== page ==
Donald Macintyre: An attack on Iran? It's a hawkish fantasy

Share
Related Topics

Could superhawk John Bolton be guilty of wishful thinking? Within hours of the Bulgarian attack the former US ambassador to the UN was on Fox News predicting that Israel would respond to the killing of five of its citizens by attacking Revolutionary Guard facilities in Iran itself.

As a Republican who thinks that Israel should have long ago bombed Iran's nuclear installations, Mr Bolton sounded positively excited by the escalation that would be triggered by such a reprisal. But will it happen like that?

Certainly there is a link between the strong language again used by the Israeli Prime Minister, Benjamin Netanyahu, yesterday to describe "the most dangerous state on earth" and his determination to stop Iran becoming a nuclear military power. Which is to use the Bulgaria attack as yet another means to impress upon the international community what kind of regime, as he sees it, would have a nuclear weapon if it is allowed to get it. It's because he doesn't think his allies yet "get it" that he has – ominously – refused to take the unilateral military option off the table.

But it is far less clear that even a political duo as preoccupied with Iran as Mr Netanyahu and his Defence Minister, Ehud Barak, would regard the Bulgaria attack, rather than Tehran's progress towards a nuclear weapon, as the right casus belli.

According to one Israeli official yesterday, a likelier model for retaliation might be the painstaking – though not always correctly targeted – hunting down, man by man, of the killers of 11 Israeli athletes at the Munch Olympics 40 years ago.

Israel purports to have, or to be confident of getting, the intelligence needed for such an operation. In a volatile region, nothing is certain today. But that remains a likelier outcome of the Burgas bombing than the immediate conflagration Mr Bolton appears to want.

React Now

iJobs Job Widget
iJobs General

Web / Digital Analyst - SiteCatalyst or Google Analytics

competitive: Progressive Recruitment: My client who are a leading publisher in...

Campaign Manager

competitive: Progressive Recruitment: A leading marketing agency is currently ...

Software Engineer - C++

£35000 - £45000 per annum + competitive: Progressive Recruitment: Software En...

Software Team Leader - C++

£40000 - £45000 per annum + competitive: Progressive Recruitment: Software Tea...

Day In a Page

Read Next
 

The daily catch-up: what if Hillary sticks, drowning sorrows and open sesame

John Rentoul
 

i Deputy Editor's Letter:

Independent Voices, Indy Voices Rhodri Jones
Super Mario crushes the Messi dream as Germany win the 2014 World Cup in Brazil

Super Mario crushes the Messi dream

Germany win the 2014 World Cup in Brazil
Saharan remains may be evidence of the first race war, 13,000 years ago

The first race war, 13,000 years ago?

Saharan remains may be evidence of oldest large-scale armed conflict
Scientists find early warning system for Alzheimer’s

Scientists find early warning system for Alzheimer’s

Researchers hope eye tests can spot ‘biomarkers’ of the disease
Sex, controversy and schoolgirl schtick

Meet Japan's AKB48

Pop, sex and schoolgirl schtick make for controversial success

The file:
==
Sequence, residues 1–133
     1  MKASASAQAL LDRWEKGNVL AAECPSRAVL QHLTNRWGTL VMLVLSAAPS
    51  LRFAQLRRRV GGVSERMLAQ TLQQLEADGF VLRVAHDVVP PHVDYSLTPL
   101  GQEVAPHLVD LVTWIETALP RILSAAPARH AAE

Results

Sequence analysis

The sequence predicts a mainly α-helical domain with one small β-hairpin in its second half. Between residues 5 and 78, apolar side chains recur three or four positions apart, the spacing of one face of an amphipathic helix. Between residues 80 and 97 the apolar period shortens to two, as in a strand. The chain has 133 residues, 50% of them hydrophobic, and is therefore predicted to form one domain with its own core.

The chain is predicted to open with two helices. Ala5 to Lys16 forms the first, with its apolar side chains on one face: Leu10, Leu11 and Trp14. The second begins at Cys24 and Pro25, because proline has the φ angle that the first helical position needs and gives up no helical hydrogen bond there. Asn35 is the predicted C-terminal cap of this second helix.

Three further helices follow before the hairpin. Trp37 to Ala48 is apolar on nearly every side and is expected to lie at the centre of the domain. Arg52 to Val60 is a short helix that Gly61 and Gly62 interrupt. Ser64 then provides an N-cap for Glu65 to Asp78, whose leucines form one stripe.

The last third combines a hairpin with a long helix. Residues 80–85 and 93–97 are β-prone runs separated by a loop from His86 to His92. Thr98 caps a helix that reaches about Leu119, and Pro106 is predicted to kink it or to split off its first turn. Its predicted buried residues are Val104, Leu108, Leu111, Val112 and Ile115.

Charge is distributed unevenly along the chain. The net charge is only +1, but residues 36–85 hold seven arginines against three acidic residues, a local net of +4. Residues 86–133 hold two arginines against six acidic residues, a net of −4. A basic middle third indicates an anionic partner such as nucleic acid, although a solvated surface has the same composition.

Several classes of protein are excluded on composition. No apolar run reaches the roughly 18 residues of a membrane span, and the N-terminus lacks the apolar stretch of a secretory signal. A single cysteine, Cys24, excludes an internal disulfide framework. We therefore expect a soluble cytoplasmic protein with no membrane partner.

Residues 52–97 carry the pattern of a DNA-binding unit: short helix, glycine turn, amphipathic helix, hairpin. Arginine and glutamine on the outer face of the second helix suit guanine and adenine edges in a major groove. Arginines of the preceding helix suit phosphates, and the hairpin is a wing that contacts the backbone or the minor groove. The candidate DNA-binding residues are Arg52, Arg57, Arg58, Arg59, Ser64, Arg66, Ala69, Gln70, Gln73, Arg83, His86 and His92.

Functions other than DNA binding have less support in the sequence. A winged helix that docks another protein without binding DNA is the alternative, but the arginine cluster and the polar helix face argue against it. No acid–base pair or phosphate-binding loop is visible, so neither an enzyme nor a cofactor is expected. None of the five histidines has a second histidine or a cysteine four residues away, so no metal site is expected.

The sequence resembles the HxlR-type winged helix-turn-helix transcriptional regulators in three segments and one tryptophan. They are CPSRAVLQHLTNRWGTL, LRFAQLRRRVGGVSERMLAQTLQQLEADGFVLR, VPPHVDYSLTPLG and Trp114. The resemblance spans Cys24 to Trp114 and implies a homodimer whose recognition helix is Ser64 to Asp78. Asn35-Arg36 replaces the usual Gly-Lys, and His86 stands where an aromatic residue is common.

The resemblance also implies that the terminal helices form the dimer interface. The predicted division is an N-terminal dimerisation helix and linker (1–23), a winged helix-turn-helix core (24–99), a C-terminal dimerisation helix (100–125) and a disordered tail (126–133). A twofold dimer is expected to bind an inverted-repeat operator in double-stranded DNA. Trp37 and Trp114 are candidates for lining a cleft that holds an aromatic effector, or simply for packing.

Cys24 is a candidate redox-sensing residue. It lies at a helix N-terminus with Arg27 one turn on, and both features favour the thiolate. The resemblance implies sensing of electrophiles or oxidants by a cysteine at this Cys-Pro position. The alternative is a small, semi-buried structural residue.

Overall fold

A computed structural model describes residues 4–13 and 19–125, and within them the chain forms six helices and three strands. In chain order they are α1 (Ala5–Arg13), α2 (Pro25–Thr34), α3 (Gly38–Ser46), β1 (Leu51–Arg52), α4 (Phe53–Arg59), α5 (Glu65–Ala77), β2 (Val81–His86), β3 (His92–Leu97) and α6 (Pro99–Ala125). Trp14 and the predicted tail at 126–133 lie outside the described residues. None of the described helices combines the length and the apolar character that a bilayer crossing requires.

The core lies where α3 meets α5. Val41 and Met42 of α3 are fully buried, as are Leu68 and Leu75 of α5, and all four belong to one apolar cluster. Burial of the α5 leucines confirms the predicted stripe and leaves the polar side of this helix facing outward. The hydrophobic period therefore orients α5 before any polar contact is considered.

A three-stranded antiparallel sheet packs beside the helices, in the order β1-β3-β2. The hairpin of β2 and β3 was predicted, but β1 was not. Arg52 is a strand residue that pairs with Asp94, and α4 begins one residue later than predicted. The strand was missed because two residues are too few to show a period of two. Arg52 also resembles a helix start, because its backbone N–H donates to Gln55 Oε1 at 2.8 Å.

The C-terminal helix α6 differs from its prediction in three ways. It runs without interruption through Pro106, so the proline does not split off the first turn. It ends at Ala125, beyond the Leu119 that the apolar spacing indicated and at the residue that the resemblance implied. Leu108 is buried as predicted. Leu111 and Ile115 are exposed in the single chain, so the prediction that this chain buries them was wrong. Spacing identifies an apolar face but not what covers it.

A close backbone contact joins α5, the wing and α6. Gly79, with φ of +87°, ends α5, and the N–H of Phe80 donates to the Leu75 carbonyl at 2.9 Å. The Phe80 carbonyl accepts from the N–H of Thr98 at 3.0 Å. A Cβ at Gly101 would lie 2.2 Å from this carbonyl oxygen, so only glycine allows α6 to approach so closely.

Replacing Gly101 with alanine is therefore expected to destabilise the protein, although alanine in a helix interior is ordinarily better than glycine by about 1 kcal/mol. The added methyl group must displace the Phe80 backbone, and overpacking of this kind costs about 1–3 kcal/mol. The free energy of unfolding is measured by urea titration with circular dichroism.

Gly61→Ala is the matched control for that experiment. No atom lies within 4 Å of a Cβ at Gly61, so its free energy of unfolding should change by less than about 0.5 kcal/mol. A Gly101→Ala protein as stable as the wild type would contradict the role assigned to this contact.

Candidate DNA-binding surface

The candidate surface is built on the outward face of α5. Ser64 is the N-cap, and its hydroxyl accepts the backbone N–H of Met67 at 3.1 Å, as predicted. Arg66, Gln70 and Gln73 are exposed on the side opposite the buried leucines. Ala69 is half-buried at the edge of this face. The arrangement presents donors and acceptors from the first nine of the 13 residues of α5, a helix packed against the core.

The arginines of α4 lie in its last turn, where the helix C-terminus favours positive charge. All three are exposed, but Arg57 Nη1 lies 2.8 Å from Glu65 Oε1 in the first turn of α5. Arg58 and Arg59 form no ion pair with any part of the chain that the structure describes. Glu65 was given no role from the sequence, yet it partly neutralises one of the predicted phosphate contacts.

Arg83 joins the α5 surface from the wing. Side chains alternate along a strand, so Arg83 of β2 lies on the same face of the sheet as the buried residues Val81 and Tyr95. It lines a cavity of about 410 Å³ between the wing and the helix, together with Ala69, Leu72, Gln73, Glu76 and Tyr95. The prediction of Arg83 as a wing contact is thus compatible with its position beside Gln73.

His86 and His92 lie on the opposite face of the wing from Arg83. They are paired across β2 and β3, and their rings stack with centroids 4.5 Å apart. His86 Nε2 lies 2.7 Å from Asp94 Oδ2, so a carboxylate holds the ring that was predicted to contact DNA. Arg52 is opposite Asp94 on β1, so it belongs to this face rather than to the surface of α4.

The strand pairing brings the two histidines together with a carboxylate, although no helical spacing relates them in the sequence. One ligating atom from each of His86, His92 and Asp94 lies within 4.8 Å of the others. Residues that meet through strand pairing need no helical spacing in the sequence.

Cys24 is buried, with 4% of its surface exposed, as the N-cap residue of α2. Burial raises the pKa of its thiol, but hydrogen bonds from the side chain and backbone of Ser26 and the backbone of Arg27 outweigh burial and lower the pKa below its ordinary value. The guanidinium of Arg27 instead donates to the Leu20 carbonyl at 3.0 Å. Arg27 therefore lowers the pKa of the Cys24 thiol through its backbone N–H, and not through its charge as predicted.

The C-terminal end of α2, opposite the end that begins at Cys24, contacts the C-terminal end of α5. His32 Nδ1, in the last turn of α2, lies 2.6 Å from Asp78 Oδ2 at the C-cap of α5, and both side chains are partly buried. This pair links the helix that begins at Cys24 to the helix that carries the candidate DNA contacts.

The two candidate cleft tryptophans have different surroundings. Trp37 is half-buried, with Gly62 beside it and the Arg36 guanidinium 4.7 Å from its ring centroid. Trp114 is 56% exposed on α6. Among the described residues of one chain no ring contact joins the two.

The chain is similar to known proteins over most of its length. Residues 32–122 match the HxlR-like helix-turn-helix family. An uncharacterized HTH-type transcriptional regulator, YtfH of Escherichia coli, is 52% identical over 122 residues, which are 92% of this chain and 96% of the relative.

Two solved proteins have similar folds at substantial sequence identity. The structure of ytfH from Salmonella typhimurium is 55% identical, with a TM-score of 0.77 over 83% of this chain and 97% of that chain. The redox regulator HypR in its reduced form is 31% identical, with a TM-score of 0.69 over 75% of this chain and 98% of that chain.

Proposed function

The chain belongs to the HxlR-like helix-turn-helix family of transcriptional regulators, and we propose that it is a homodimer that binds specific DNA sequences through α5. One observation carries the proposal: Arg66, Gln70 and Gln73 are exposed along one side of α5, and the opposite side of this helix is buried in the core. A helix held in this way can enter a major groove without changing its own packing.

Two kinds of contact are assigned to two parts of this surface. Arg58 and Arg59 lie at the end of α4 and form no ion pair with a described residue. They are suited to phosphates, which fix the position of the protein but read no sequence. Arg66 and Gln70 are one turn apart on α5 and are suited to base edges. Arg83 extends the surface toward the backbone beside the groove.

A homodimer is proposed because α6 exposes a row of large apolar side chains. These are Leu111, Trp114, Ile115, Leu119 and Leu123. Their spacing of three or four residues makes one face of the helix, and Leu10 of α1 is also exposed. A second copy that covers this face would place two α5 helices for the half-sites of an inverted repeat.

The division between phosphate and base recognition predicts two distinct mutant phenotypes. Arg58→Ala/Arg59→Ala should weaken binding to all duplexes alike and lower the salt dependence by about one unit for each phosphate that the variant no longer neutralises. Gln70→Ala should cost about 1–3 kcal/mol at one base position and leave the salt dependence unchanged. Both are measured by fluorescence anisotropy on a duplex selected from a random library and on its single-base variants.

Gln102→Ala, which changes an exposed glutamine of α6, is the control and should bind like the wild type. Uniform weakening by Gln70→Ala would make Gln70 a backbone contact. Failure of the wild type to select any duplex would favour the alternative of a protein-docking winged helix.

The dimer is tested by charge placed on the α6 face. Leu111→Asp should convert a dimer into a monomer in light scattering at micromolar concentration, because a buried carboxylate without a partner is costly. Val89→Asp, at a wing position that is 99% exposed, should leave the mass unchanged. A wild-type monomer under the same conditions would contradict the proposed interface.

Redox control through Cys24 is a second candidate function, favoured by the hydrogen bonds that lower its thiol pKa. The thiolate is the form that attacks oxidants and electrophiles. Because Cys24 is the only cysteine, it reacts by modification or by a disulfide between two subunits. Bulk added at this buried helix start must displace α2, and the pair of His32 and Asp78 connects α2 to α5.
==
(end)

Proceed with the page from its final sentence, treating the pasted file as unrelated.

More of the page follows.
In pictures: Breathtaking results of this weekend's 'supermoon'

Weekend's 'supermoon' in pictures

The moon appeared bigger and brighter at the weekend
Iraq crisis: How Saudi Arabia helped Isis take over the north of the country

How Saudi Arabia helped Isis take over northern Iraq

A speech by an ex-MI6 boss hints at a plan going back over a decade. In some areas, being Shia is akin to being a Jew in Nazi Germany, says Patrick Cockburn
The evolution of Andy Serkis: First Gollum, then King Kong - now the actor is swinging through the trees in Dawn of the Planet of the Apes

The evolution of Andy Serkis

First Gollum, then King Kong - now the actor is swinging through the trees in Dawn of the Planet of the Apes
You thought 'Benefits Street' was controversial: Follow-up documentary 'Immigrant Street' has got locals worried

You thought 'Benefits Street' was controversial...

Follow-up documentary 'Immigrant Street' has got locals worried
Refugee children from Central America let down by Washington's high ideals

Refugee children let down by Washington's high ideals

Democrats and Republicans refuse to set aside their differences to cope with the influx of desperate Central Americas, says Rupert Cornwell
Children's books are too white, says Laureate

Children's books are too white, says Laureate

Malorie Blackman appeals for a better ethnic mix of authors and characters and the illustrator Quentin Blake comes to the rescue
Blackest is the new black: Scientists have developed a material so dark that you can't see it...

Blackest is the new black

Scientists have developed a material so dark that you can't see it...
Matthew Barzun: America's diplomatic dude

Matthew Barzun: America's diplomatic dude

The US Ambassador to London holds 'jeans and beer' gigs at his official residence – it's all part of the job, he tells Chris Green
Meet the Quantified Selfers: From heart rates to happiness, there is little this fast-growing, self-tracking community won't monitor

Meet the 'Quantified Selfers'

From heart rates to happiness, there is little this fast-growing, self-tracking community won't monitor
Madani Younis: Five-star reviews are just the opening act for British theatre's first non-white artistic director

Five-star reviews are just the opening act for British theatre's first non-white artistic director

Madani Younis wants the neighbourhood to follow his work as closely as his audiences do
Mrs Brown and her boys: are they having a laugh?

Mrs Brown and her boys: are they having a laugh?

When it comes to national stereotyping, the Irish – among others – know it can pay to play up to outsiders' expectations, says DJ Taylor